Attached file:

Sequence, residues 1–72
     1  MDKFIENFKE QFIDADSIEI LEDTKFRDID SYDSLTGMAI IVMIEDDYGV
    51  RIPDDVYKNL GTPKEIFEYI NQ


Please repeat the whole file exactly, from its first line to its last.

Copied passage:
Sequence, residues 1–72
     1  MDKFIENFKE QFIDADSIEI LEDTKFRDID SYDSLTGMAI IVMIEDDYGV
    51  RIPDDVYKNL GTPKEIFEYI NQ